By now, in addition to being a wonderful outdoor space for people of all ages to meet, garden and socialise, we would often prepare and share fresh food made with our produce. To do this properly, we needed somewhere to prepare and cook food on site. To this end, in February 2017 a new shipping container arrived kindly donated by This is Clapham – and we set about building a field kitchen.
A year later, new pathways had been installed in the extra section of the garden and the field kitchen was fully functional, allowing us to provide hot and cold refreshments at our gardening sessions. However, with more people now taking part in BBA activities – and all that tea drinking – it became apparent there was another essential facility some of us desperately needed on site. So, thanks to another successful funding bid our composting toilet was installed at the end of 2019. Perfectly timed for the arrival of Covid, when all the nearby public conveniences closed.
An unexpected challenge for gardeners during the pandemic was the scarcity of commercially produced compost and topsoil – it became like gold dust. Although we recycled some of our garden waste in black compost bins, most of it was being sent to landfill. And the compost we were producing wasn’t enough to meet our needs. To address this sustainability issue, we sought permission from Lambeth Council to install three composting bays on the site adjacent to our community garden. With funding from the National Lottery Community Fund and the help of The Conservation Volunteers (TCV) the bays were fully installed and ready for an inaugural composting workshop in October 2021. As part of this project, Lambeth also allowed us to plant a small fruit orchard in the strip beside the bays at the edge of the green waste site.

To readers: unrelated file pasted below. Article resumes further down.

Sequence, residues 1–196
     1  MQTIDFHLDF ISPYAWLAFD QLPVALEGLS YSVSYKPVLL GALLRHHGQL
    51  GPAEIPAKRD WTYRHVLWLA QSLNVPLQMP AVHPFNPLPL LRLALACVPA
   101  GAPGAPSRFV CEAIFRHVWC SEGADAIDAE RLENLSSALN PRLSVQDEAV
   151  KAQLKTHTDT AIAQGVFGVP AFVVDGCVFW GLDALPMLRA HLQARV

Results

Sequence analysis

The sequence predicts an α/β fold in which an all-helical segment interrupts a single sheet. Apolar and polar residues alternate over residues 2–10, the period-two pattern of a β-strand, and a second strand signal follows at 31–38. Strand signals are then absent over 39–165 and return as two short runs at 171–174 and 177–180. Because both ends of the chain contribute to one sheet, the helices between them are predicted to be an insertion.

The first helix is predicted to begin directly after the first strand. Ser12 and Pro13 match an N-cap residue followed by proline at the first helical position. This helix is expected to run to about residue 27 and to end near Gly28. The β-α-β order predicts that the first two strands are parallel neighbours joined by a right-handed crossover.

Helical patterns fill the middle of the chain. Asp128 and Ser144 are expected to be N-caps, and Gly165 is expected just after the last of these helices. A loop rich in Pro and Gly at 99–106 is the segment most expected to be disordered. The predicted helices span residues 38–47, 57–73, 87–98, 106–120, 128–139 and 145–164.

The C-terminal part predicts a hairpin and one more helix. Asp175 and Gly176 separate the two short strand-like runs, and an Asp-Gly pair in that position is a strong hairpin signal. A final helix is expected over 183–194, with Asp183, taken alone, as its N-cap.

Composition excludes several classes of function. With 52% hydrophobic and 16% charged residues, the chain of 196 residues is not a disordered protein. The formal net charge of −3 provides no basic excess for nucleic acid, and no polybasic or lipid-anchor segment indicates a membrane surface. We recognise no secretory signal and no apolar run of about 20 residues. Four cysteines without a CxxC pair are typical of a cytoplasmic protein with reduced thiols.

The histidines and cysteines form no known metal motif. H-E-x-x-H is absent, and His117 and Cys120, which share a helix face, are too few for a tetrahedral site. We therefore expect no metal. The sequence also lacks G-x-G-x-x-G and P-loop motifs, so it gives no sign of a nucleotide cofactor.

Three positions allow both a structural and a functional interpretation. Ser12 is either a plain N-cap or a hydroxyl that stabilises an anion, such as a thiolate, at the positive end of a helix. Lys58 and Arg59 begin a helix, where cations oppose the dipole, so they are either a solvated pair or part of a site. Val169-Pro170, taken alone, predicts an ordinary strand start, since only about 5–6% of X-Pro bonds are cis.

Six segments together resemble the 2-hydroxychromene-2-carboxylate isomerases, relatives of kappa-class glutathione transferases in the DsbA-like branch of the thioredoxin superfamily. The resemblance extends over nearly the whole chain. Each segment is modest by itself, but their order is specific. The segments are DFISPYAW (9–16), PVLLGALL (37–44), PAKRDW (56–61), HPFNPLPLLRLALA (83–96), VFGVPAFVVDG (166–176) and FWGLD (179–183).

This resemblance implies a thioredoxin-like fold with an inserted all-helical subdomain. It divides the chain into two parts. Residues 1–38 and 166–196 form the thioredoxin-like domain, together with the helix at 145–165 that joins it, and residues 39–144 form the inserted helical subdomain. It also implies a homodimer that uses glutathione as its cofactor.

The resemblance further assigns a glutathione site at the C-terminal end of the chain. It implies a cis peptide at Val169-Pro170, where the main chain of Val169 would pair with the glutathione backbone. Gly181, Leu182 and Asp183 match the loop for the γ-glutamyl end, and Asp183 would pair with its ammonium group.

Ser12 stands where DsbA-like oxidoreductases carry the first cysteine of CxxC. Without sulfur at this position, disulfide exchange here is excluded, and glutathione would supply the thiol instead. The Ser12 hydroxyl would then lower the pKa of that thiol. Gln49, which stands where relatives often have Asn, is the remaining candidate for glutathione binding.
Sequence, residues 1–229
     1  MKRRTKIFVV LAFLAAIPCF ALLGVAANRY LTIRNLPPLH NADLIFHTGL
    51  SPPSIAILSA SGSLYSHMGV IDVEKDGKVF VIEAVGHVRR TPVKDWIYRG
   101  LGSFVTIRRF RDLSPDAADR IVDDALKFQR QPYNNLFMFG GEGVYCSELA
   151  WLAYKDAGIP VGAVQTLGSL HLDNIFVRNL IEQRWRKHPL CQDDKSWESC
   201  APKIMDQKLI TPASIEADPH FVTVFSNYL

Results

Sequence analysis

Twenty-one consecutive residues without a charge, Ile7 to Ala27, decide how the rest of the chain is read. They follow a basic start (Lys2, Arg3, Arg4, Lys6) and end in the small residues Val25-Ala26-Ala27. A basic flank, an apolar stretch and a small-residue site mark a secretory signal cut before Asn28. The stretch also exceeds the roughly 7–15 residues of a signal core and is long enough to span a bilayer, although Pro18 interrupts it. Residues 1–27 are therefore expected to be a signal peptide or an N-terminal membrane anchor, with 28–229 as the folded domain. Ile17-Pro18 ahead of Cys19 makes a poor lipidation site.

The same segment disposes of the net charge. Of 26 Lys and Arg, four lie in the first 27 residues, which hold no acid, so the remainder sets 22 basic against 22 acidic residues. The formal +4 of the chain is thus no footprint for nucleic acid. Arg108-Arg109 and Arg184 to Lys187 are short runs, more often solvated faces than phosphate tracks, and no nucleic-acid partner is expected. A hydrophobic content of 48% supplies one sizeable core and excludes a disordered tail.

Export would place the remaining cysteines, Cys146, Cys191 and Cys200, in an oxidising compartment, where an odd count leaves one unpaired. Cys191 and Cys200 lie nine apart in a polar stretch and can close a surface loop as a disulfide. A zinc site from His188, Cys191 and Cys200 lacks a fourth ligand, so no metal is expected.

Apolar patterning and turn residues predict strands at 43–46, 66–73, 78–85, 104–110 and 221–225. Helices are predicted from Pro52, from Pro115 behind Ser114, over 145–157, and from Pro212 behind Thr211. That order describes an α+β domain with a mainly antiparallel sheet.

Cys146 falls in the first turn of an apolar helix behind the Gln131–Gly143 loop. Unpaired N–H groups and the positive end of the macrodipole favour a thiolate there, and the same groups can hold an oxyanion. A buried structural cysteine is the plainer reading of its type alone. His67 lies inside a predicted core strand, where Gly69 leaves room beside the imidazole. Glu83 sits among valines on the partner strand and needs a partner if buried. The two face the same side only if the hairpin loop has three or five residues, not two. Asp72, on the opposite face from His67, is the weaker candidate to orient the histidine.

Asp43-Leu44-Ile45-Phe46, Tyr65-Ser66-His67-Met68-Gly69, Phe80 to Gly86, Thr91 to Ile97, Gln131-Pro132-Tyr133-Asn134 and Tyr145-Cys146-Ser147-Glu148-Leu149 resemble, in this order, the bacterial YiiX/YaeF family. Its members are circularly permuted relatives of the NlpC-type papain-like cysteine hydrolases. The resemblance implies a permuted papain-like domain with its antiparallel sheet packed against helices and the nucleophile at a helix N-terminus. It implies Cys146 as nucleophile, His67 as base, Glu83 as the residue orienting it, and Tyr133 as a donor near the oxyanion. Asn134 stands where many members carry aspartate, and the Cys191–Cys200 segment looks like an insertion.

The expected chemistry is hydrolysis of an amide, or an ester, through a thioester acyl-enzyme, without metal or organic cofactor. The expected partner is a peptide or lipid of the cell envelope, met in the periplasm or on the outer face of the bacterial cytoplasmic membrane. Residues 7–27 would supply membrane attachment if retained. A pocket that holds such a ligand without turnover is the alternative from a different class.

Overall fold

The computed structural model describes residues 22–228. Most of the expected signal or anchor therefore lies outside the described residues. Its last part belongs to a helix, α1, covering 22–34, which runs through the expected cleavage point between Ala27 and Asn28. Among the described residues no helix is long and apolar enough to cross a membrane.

Of course, not all BBA activities take place in the community garden or at our other two growing spaces on the Common. Over the years our volunteers have been involved in many other projects elsewhere on the Common. These have included working with The Spinney in 2018 to create CCMAC’s Colour Your Common project, organising a planting session on the Common for National Tree Week in 2021, and creating some hügelkultur beds in the area beside the new children’s playground.